Long-term neurologic complications have been described in the literature despite lithium removal by hemodialysis. A syndrome of irreversible lithium effectuated neurotoxicity (SILENT) is characterized by cerebellar dysfunction, brainstem dysfunction, extrapyramidal symptoms and cognitive impairment. The neuropsychiatric sequelae of SILENT can persist for years after an acute poisoning.5

In patients who present with early lithium poisoning, aggressive whole bowel irrigation offers a viable option to avoid short- and long-term neurologic manifestations of lithium toxicity. It is a non-invasive and effective method to prevent lithium absorption in patients who present within two to four hours of ingestion following ingestion of an extended-release formulation.

Case Conclusion
A total of 10 serum lithium measurements were obtained over 19 hours. Serum lithium concentration increased from 0.6 mmol/L upon presentation to a peak of 2.1 mmol/L 12 hours later.

The timing of the patient's peak concentration at 12 hours aligns with pharmacokinetic data for extendedrelease lithium ingestion. The patient's peak lithium concentration was significantly lower than would be predicted from his self-reported ingestion of 27 grams of lithium carbonate. This suggests that early gastrointestinal decontamination may be sufficient in preventing systemic lithium toxicity. The possibility of the patient over-reporting total lithium ingestion should be considered.

The patient received 500-1000 mL/hour of polyethylene glycol until rectal effluent was clear 12 hours after presentation. Serum lithium levels were obtained every 2 hours for 19 hours, at which point lithium levels consistently down-trended.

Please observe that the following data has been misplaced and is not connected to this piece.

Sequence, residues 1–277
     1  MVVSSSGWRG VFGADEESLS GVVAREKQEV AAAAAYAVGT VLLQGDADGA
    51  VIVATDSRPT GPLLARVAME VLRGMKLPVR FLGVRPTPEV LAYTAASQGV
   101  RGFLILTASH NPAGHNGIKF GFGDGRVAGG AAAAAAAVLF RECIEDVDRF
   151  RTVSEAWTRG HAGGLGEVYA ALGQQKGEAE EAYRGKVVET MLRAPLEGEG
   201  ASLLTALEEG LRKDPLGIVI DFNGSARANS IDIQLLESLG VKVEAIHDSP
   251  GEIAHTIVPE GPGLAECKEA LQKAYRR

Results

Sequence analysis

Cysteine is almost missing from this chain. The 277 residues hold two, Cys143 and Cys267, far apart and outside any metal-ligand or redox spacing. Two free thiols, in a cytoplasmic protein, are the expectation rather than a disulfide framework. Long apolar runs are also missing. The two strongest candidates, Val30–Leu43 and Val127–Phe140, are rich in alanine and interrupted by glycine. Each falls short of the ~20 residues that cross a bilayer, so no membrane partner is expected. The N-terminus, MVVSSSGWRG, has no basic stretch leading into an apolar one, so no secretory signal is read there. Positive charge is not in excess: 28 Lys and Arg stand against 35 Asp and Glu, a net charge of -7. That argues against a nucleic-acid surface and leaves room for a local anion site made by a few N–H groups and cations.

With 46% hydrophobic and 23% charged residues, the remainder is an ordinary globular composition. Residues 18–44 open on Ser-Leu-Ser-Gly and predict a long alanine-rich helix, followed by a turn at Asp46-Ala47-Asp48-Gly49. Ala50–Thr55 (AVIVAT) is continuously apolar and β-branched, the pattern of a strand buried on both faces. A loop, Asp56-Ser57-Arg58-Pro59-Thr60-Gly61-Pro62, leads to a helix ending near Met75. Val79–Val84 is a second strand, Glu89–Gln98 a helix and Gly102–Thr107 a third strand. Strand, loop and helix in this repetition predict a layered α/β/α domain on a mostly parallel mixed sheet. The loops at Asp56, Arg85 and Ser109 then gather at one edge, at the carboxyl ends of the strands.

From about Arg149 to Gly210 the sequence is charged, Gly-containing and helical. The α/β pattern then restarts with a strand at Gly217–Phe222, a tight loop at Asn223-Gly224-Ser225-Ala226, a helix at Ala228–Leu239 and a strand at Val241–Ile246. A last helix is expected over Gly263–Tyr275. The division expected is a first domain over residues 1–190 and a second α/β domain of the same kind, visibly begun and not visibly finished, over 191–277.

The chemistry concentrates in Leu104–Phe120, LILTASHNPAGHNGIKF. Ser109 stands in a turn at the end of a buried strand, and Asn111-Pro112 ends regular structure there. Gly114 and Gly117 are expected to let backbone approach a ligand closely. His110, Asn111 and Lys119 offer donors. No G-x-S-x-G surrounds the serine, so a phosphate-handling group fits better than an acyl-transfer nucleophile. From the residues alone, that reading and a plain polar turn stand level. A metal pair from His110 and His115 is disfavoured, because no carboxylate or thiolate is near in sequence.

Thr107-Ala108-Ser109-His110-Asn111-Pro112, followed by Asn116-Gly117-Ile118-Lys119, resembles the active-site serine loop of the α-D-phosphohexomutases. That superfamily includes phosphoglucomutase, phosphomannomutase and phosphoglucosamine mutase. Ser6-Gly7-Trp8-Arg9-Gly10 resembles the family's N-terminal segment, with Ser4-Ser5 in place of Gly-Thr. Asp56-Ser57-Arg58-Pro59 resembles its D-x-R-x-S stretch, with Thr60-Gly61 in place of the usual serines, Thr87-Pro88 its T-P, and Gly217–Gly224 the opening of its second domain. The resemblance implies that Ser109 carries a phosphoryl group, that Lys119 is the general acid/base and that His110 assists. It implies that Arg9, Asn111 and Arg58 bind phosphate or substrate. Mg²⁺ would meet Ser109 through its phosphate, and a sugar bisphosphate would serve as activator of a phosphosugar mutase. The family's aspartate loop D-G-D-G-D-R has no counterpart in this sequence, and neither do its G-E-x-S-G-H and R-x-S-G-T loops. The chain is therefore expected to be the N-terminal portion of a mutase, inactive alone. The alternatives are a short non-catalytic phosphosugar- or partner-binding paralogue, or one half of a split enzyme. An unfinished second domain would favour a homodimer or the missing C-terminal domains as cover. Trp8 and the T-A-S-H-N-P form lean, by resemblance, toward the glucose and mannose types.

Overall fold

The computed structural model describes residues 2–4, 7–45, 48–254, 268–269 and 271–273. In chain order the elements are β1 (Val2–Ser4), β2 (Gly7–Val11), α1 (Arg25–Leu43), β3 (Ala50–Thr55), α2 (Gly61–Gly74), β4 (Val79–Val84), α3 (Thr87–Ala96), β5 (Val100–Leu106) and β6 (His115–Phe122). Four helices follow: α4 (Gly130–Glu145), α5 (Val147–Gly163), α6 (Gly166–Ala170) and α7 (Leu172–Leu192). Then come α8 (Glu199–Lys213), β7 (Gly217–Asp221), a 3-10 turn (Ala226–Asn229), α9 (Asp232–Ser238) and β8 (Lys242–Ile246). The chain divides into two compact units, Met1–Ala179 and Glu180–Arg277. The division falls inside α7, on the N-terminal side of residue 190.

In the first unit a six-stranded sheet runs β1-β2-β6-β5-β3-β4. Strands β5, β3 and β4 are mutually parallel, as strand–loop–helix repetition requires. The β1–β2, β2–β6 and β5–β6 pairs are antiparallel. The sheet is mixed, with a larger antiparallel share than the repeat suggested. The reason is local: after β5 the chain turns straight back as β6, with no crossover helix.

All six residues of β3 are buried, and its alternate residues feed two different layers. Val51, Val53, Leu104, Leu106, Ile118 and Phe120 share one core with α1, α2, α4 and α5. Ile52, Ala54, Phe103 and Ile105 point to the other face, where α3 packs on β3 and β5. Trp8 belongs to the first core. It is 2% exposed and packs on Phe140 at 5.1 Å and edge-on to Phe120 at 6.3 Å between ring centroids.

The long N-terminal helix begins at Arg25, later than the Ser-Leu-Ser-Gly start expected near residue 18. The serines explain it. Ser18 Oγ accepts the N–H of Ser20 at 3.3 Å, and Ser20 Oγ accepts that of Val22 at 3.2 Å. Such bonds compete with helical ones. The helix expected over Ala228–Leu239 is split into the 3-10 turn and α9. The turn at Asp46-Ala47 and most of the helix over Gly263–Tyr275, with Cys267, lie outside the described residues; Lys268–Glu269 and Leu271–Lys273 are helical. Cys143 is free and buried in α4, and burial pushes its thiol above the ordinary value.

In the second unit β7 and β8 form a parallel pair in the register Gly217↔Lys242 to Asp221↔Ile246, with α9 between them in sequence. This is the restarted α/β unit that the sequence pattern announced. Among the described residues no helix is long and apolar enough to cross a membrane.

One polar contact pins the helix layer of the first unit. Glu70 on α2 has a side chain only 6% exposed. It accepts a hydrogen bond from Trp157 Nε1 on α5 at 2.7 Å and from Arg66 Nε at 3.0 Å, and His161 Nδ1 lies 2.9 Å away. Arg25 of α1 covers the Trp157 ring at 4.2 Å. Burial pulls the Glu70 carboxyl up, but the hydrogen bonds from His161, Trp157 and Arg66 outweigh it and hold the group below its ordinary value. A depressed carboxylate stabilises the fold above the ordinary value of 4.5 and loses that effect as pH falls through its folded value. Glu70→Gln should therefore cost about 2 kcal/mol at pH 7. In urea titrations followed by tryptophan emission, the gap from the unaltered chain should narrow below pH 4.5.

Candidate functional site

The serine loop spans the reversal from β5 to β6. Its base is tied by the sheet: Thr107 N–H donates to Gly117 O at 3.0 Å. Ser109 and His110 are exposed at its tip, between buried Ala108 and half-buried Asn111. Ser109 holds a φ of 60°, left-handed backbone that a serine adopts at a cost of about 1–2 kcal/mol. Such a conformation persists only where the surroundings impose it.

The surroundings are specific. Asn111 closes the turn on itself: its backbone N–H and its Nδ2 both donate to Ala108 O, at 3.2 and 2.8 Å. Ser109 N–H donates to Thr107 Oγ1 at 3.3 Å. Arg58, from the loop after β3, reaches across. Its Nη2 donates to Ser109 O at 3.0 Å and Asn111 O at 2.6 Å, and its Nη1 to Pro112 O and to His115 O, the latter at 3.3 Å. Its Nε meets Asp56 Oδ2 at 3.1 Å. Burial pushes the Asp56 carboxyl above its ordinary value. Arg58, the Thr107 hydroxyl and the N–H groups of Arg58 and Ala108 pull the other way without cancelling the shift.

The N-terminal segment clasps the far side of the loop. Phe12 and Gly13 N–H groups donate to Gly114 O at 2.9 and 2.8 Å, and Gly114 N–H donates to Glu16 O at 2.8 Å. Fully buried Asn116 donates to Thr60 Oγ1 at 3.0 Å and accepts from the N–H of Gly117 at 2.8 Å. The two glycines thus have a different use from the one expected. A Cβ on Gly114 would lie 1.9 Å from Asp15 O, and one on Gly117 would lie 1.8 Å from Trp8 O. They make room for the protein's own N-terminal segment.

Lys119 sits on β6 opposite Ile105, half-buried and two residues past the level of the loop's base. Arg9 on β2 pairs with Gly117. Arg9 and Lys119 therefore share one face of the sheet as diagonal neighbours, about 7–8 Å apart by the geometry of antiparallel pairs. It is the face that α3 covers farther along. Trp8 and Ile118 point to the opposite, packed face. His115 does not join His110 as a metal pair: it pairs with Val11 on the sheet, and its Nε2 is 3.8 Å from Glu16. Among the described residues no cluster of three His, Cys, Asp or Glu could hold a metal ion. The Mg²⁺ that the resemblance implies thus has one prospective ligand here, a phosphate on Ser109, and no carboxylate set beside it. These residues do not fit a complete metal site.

The patient remained asymptomatic and without signs of lithium toxicity throughout his hospitalization; he was discharged on Hospital Day 4.

Hemodialysis is the definitive modality of lithium clearance in severe toxicity. In early overdose, however, whole bowel irrigation may prevent lithium absorption and subsequent toxicity if mental status is preserved.

1. Bronstein AC, Spyker DA, Cantilena LR, Green JL, Rumack BH, Dart RC. 2016 Annual Report of the American Association of Poison Control Centers' National Poison Data System (NPDS): 34th Annual Report. Clin Toxicol (Phila). 2017;55(10):1072-1254.
2. DeBattista C. Antipsychotic Agents & Lithium. In: Katzung BG. eds. Basic & Clinical Pharmacology, 14e. New York, NY: McGraw-Hill. 2018.
3. Offerman SR, Alsop JA, Lee J, Holmes JF. 2010 Hospitalized lithium overdose cases reported to the California Poison Control System. Clin Toxicol (Phila). 2010;48(5):443-448.
4. Decker BS, Goldfarb DS, Dargan PI, Friesen M, Gosselin S, Hoffman RS, Lavergne V, Nolin TD, Ghannoum M, EXTRIP Workgroup. Extracorporeal Treatment for Lithium Poisoning: Systematic Review and Recommendations from the EXTRIP Workgroup. Clin J Am Soc Nephrol. 2015;10:875-887.
5. Von Hartitzsch B, Hoenich N, Leigh R, Wilkinson, R, Frost, T, Weddel, A, Posen G. 1972 Permanent Neurological Sequelae Despite Haemodialysis For Lithium IntoxicationBr Med J. 1972;4(5843):757-759.